What Can We Do with Uncertainty?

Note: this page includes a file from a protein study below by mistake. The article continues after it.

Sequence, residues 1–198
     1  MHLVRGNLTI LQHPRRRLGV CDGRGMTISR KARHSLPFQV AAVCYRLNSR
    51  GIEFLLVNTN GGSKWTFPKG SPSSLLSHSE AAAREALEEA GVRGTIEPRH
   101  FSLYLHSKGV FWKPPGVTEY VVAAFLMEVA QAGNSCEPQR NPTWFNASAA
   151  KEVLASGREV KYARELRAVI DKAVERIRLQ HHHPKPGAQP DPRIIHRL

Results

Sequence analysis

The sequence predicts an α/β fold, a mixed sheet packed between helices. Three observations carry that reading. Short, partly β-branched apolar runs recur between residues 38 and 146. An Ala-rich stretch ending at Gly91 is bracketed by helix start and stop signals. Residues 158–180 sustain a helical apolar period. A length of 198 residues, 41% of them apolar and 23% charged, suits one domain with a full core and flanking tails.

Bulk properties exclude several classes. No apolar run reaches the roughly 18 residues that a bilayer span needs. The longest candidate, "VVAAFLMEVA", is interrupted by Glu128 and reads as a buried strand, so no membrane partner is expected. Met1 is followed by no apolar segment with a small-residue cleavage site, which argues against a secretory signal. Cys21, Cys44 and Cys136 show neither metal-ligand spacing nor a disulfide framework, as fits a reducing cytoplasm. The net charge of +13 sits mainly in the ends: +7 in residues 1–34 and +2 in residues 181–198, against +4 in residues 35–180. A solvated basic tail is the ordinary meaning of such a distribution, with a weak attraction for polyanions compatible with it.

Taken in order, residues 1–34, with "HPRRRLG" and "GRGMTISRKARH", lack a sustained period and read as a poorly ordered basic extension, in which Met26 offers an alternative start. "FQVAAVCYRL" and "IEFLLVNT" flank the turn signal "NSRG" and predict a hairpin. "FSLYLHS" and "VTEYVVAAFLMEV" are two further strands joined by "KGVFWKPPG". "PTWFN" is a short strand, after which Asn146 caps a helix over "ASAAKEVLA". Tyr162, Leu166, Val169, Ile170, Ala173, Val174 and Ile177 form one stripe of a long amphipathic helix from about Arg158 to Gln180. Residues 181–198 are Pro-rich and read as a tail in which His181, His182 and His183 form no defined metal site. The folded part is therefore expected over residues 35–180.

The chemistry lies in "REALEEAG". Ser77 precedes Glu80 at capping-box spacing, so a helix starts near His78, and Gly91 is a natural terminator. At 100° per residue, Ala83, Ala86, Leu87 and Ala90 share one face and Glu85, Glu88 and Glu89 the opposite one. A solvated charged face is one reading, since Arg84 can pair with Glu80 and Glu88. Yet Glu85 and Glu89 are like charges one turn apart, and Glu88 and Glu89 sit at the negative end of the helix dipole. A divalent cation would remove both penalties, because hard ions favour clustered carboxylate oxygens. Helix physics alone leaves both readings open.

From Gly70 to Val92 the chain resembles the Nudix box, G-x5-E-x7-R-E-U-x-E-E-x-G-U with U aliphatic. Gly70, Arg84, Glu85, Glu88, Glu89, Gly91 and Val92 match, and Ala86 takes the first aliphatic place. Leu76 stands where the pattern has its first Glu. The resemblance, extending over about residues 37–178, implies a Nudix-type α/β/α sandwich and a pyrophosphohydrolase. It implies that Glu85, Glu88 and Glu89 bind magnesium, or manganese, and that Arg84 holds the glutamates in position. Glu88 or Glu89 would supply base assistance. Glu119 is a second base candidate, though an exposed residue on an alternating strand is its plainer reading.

I always seem to be having lunch with neuroscientists. I’m not entirely sure why – maybe it’s simply because it fits into our shared professional, adult schedules that make a noontime meeting particularly convenient. And this time Dr. Gibson and I are talking about his lab’s most recent experiments, attempts to measure the emotional experiences individuals have as they are exposed to a variety of stimuli. As he explains to me, the individual test subject sits in what looks a bit like a sound recording booth – small, soundproof, painted black, with a one-way mirror so that the subject can be observed without feeling explicitly watched. The subject is hooked up to a variety of equipment to record their physiological responses – blood pressure, heart rate, brain waves, etc. It seems simple enough. The goal is to get a sense of what affective states – happiness, sadness, and boredom, especially – look like neurophysiologically. Or, rather, numerically, since the observation of the individual test subject’s emotional response is left to the machines, not the graduate students and postdoctoral researchers overseeing the experiment. Gibson tells me, plainly, “I know this isn’t really telling me what I need to know. You can’t really remove a person from their social environment and measure these things meaningfully. But this is the way that science is done, and this is what we have funding for.” We talk for a while – what would a neuroscience that makes the world its laboratory look like? What kinds of interdisciplinary explorations might be possible if the National Institutes of Health took an interest in really experimental research? – but we have no answers to these questions. What we do have, what we share, is a sense that neuroscience is not really living up to its potential; it could be doing so much more, and yet, the political economy of scientific knowledge production in the U.S. has led to a neuroscience that is sadly reductionist, in search of simple answers to complex, deeply human problems. Certainty seems to be what everyone is after, at least those people who dole out scientific funding, but certainty is hard to come by, especially in the lonely laboratory.